Meet Alexis Cuadrado: Born in 1971 in Barcelona, Spain, and currently based in New York, Alexis is an active member of the New York jazz scene.
Since 1993 he has performed in Spain, Europe and the US with some of today's most outstanding groups and soloists such as Kurt Rosenwinkel, Bruce Barth, Ben Monder, Perico Sambeat, Jordi Rossy, Allan Skidmore, Dennis Rowland, Louis Stewart, Sean Levitt, Peter King and John Stetch to name a few.
Alexis graduated in Jazz Studies at Taller de Musics in Barcelona in 1993, and studied with bassists Mario Rossy, Larry Grenadier and Marc Johnson. For three years he took lessons with the legendary bassist Francois Rabbath at the International Rabbath Institut in Paris. He obtained a Master's degree in Jazz Performance at the Aaron Copland School of Music-Queens College in New York. He also taught for six years at the Taller de Musics in Barcelona.
From 1995 to 2000 he co-led the jazz quartet Alguamia in Spain. This group played extensively in Spain, recorded three CDs (U, Dos and Standards) and in 1998 was given the Best Spanish Debut CD award by the Spanish radio station RNE4. During that time, he was also part of the house band of the Spanish nationally syndicated TV talk show Parallel and led a weekly jam session at the Barcelona Pipa Club for three years.
Cuadrado has published two CDs as a leader: Metro (Fresh Sound New Talent, 2001) and Visual (FSNT, 2004). These CD include all-original compositions and have received enthusiastic reviews from both critics and fans.
Alexis also appears on several albums with many artists including the Ben Waltzer/Bill McHenry Quartet, Chris Kase, Orquestra de Cambra Teatre Lliure conducted by Lluas Vidal, Nuno Ferreira, Kris Bauman Quartet featuring Kurt Rosenwinkel, Erik Jekabson, Alan Ferber Nonet, and John Chin Trio featuring Mark Turner.
Alexis is currently working on a new album that will be published in 2006. His current quartet featuring cutting-edge New York musicians plays a new original repertoire and has gained enthusiastic audience reactions in recent performances in Europe and America.
He has recently joined the band of the three times Grammy Award nominee vocalist Angelique Kidjo, and keeps busy freelancing with different bands around New York, the US and Europe.
Instrument(s): bass (acoustic and electric). Futz around with guitar, piano and drums.
Teachers and/or influences? Bass teachers: Francois Rabbath, Marc Johnson, Mario Rossy. Clinics with Larry Grenadier, Ugonna Okegwo, and others.
Influences: All the great bass players in jazz... too long to mention them all.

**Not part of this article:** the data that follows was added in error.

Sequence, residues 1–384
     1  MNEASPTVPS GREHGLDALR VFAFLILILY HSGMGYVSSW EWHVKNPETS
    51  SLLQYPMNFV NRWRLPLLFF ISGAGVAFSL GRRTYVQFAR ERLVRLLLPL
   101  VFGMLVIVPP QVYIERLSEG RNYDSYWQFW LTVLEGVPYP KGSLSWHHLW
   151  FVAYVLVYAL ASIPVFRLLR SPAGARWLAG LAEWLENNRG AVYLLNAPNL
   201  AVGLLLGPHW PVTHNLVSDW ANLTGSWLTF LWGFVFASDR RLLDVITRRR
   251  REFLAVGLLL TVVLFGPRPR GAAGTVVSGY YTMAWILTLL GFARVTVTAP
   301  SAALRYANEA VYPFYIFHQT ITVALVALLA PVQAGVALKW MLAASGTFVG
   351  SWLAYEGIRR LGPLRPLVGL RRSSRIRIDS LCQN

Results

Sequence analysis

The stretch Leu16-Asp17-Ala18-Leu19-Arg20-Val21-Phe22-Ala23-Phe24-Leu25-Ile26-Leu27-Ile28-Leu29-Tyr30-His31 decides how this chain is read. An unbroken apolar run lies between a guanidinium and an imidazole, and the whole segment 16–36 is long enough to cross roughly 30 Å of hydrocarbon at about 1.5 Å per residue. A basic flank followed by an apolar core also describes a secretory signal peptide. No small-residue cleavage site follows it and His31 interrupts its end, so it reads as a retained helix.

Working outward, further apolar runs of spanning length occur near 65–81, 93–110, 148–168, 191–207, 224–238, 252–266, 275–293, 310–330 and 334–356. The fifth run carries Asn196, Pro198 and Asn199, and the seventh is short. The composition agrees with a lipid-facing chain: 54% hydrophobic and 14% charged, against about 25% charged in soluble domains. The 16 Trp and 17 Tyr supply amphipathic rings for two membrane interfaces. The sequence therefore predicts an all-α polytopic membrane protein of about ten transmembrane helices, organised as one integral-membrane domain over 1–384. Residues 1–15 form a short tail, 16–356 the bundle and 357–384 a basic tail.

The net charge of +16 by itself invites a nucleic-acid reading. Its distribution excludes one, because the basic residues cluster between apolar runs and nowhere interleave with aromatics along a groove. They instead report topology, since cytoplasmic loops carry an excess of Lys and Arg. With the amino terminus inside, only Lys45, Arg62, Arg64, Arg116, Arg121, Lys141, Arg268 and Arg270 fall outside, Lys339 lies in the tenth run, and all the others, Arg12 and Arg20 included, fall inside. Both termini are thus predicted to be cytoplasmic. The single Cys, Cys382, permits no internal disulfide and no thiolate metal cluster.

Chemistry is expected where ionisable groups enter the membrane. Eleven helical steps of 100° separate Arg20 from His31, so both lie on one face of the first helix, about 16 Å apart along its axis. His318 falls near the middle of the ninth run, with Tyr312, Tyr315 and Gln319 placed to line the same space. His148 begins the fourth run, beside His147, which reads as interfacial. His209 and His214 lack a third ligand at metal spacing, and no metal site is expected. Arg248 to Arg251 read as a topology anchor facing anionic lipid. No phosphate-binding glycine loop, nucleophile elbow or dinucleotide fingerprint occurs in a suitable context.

I knew I wanted to be a musician when... I used to sing to the towel holder imagining that it was a microphone...I think I was five.
Your sound and approach to music: Music has to mean something... to the musician and the listener, but you can't make it mean something because you just want to. That's what I'm trying to find out about.
Your teaching approach: I combine a deep understanding of technique and craft with fun music making.
Your dream band: I'd love to play bass with The Police.
Anecdote from the road: Many years ago I was touring with a "summer hit covers" type band and suddenly the audience (about three or four hundred very drunken Spaniards) started throwing soda cans at us. That was fun.
Favorite venue: Smalls and Bar Next Door in Manhattan, Jamboree in Barcelona.
Your favorite recording in your discography and why? I'd say Kind of Blue. It just hits me like any other record ever.
Did you know... I used to play Gipsy weddings in Spain, where part of the ceremony was to show a handkerchief with the bride's blood, confirming her virginity. That was... let's say really eventful.
How you use the internet to help your career? It helps me be in touch with hundreds of people I'd never meet otherwise.
CDs you are listening to now: Bela Fleck & Edgar Meyer, Music For Two (Sony Classical); Glenn Gould, Bach's Two Part Inventions (Sony Classical); Joe Lovano, I'm All For You (Blue Note); All Beatles and also The Police on shuffle as well (because they're reuniting); The Matrix soundtrack.
Desert Island picks: Just my iPod please.
How would you describe the state of jazz today? Vibrant.
What is in the near future? New CD recording with my quartet (Loren Stillman, Brad Shepik and Mark Ferber).
New duo recordings with different musicians, hopefully in my own internet based label. Composing for my next project: Ibarico exploring Flamenco and Spanish music.
By Day: Practice, listen, swim, play soccer, eat good food.
I was first exposed to jazz as a baby. When I was a child, my parents regularly played classic jazz, i.e., Fitzgerald, Hawkins, Holiday, Davis, Coltrane, Monk, Montgomery, Silver, etc. I vividly remember sitting in front of the stereo as a kid, rocking back and forth to jazz, so the music is embedded in me
I was first exposed to jazz as a baby. When I was a child, my parents regularly played classic jazz, i.e., Fitzgerald, Hawkins, Holiday, Davis, Coltrane, Monk, Montgomery, Silver, etc. I vividly remember sitting in front of the stereo as a kid, rocking back and forth to jazz, so the music is embedded in me. As a life-long jazz lover, I eventually became a jazz educator and producer/host of a very popular jazz radio program in Los Angeles, California.
I love jazz because it is so free. I can think, feel, and dream to jazz, and it allows my mind to flow and expand, musically and otherwise. I also love jazz because it, much like other forms of music, allows opportunities to bring people from all walks of life together. What makes jazz more significant to me, though, is its historical significance; that is, how jazz served, in part, as a method of bringing communities together, a cultural/social/spiritual conduit.